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donn



Joined: 05 Mar 2010
Posts: 64
Undefined symbol hex
Hi, I don't use hexadecimal much (I usually convert constants when referencing c headers, for example), but received this:

Error: undefined symbol 'FFFFFFFFh'.

upon compilation.



Code:
mov rcxFFFFFFFFh



Did a quick search on the forums, but did not see any relevant posts. Tried lowercase also, same thing. 0xffffffff works fine, so have a workaround and was just curious.


Quote:
The numbers in the expression are by default treated as a decimal, binary numbers should have the b letter attached at the end, octal number should end with o letter, hexadecimal numbers should begin with 0x characters (like in C language) or with the $ character (like in Pascal language) or they should end with h letter. Also quoted string, when encountered in expression, will be converted into number - the first character will become the least significant byte of number.

from the docs, so they seem interchangeable?
Post 05 Oct 2017, 15:19
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revolution
When all else fails, read the source


Joined: 24 Aug 2004
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All numbers must start with a digit, (0-9) only. So you need 0FFFFFFFFh

But also note that you can't encode this number for RCX. Instead you can sign extend it to 0FFFFFFFFFFFFFFFFh, or perhaps more simply -1.
Post 05 Oct 2017, 15:41
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Tomasz Grysztar
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Joined: 16 Jun 2003
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It seems that manual for fasm 1 has this detail not clarified. The fasmg manual does it a bit better:

Fundamental syntax rules wrote:
Numbers are distinguished from names by the fact that they either begin with a decimal digit, or with the "$" character followed by any hexadecimal digit. This means that a token can be considered numeric even when it is not a valid number. To be a correct one it must be one of the following: a decimal number (optionally with the letter "d" attached at the end), a binary number followed by the letter "b", an octal number followed by the letter "o" or "q", or a hexadecimal number either prepended with "$" or "0x", or followed by the character "h". Because the first digit of a hexadecimal number can be a letter, it may be needed to prepend it with the digit zero in order to make it recognizable as a number. For example, "0Ah" is a valid number, while "Ah" is a name.



revolution wrote:
But also note that you can't encode this number for RCX. Instead you can sign extend it to 0FFFFFFFFFFFFFFFFh, or perhaps more simply -1.

MOV to register has an encoding with 64-bit immediate field, so it is possible in this specific case.
Post 05 Oct 2017, 15:52
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revolution
When all else fails, read the source


Joined: 24 Aug 2004
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Tomasz Grysztar wrote:

revolution wrote:
But also note that you can't encode this number for RCX. Instead you can sign extend it to 0FFFFFFFFFFFFFFFFh, or perhaps more simply -1.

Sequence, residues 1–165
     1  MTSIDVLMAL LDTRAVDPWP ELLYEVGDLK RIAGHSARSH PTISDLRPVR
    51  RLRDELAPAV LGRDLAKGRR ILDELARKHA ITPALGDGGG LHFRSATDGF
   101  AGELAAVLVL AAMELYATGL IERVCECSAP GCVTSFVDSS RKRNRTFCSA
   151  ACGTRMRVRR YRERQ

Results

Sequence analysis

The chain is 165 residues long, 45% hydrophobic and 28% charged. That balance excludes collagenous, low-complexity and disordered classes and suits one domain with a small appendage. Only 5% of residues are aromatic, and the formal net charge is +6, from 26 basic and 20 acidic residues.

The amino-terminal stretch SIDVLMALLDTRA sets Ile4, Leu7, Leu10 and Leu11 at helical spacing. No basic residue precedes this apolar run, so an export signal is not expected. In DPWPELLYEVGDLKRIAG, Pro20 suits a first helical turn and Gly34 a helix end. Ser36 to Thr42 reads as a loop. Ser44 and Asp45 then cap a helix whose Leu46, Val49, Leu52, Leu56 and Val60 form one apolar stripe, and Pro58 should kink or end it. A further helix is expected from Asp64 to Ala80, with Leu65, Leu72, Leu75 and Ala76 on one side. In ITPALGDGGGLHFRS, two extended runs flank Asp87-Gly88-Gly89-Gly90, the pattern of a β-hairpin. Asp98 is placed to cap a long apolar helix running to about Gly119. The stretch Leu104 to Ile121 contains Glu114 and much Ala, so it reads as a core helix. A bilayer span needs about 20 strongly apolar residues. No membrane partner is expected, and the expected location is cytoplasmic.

MOV to register has an encoding with 64-bit immediate field, so it is possible in this specific case.

Embarassed Yes, you are right. Embarassed
Post 05 Oct 2017, 16:11
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Furs



Joined: 04 Mar 2016
Posts: 868
Just use 0xFFFFFFFF, problem solved. Superior notation anyway.
Post 06 Oct 2017, 10:57
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revolution
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How about 1 shl 32-1?
Post 06 Oct 2017, 11:01
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Furs



Joined: 04 Mar 2016
Posts: 868
Well I was talking about notation for hex numbers (and this was just one example), otherwise of course there's an infinite ways you can write it as (with a lot of redundancy), even decimal. But anyway I meant 0x is superior to h notation Razz (because C/C++ also use it and they are the best HLL languages Cool)

I'd use "1 shl 32-1" if it made sense, depending on context (for example if it was related to a mask of bits, or bitfield)
Post 06 Oct 2017, 11:04
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revolution
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Or perhaps 1 shl (1 shl 5) - 1. That way we can change it to a 64 bit mask by only changing the 5 to a 6. Razz
Post 06 Oct 2017, 11:15
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Tomasz Grysztar
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Joined: 16 Jun 2003
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Furs wrote:
Just use 0xFFFFFFFF, problem solved. Superior notation anyway.

I think the superiority of either is contextual and subjective. To me "int 21h" always looked way better than "int 0x21".

A note on a margin: this is just a curiosity, but early versions of fasm were so strongly case-sensitive that all hexadecimal digits had to be upper case. But thanks to that these early releases allowed hexadecimal numbers to start with a letter - for example "Ah" was a valid hexadecimal number, distinguished only by the case from the x86 register "ah".
Post 06 Oct 2017, 11:34
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Tomasz Grysztar
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Furs wrote:
(because C/C++ also use it and they are the best HLL languages Cool)

This is obviously Wink another statement that is going to be considered very subjective on the board that has many followers of the Niklaus Wirth ideas (myself included) and you would not have to look long for a case of someone having a critical opinion on the superiority of C/C++. I think of much of my work as dedicated to providing some kind of counterbalance to the language designs that went "mainstream", even thought that may be a lost battle and the future generations may grow up thinking that some of the choices that became the most popular could not have been any other way, while in fact many of them were a product of forgotten limitations or coincidences, years later considered "obviously a good choice" mainly because of the habitualization. I think this may even be similar to how the music preferences form.
Post 06 Oct 2017, 11:53
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Furs



Joined: 04 Mar 2016